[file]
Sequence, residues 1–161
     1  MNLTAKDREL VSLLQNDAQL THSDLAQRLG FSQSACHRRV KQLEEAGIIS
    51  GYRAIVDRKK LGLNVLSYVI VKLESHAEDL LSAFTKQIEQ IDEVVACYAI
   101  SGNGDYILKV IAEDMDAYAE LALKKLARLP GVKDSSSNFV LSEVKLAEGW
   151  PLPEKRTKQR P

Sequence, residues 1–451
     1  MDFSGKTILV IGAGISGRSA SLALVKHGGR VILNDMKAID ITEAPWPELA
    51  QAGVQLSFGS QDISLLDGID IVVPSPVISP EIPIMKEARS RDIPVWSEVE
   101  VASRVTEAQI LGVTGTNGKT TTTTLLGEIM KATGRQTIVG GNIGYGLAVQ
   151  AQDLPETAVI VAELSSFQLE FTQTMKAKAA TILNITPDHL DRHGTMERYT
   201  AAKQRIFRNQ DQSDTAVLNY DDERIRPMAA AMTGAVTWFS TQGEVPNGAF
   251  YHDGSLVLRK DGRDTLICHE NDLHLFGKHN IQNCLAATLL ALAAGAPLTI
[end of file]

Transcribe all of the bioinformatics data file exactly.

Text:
Sequence, residues 1–161
     1  MNLTAKDREL VSLLQNDAQL THSDLAQRLG FSQSACHRRV KQLEEAGIIS
    51  GYRAIVDRKK LGLNVLSYVI VKLESHAEDL LSAFTKQIEQ IDEVVACYAI
   101  SGNGDYILKV IAEDMDAYAE LALKKLARLP GVKDSSSNFV LSEVKLAEGW
   151  PLPEKRTKQR P

Sequence, residues 1–451
     1  MDFSGKTILV IGAGISGRSA SLALVKHGGR VILNDMKAID ITEAPWPELA
    51  QAGVQLSFGS QDISLLDGID IVVPSPVISP EIPIMKEARS RDIPVWSEVE
   101  VASRVTEAQI LGVTGTNGKT TTTTLLGEIM KATGRQTIVG GNIGYGLAVQ
   151  AQDLPETAVI VAELSSFQLE FTQTMKAKAA TILNITPDHL DRHGTMERYT
   201  AAKQRIFRNQ DQSDTAVLNY DDERIRPMAA AMTGAVTWFS TQGEVPNGAF
   251  YHDGSLVLRK DGRDTLICHE NDLHLFGKHN IQNCLAATLL ALAAGAPLTI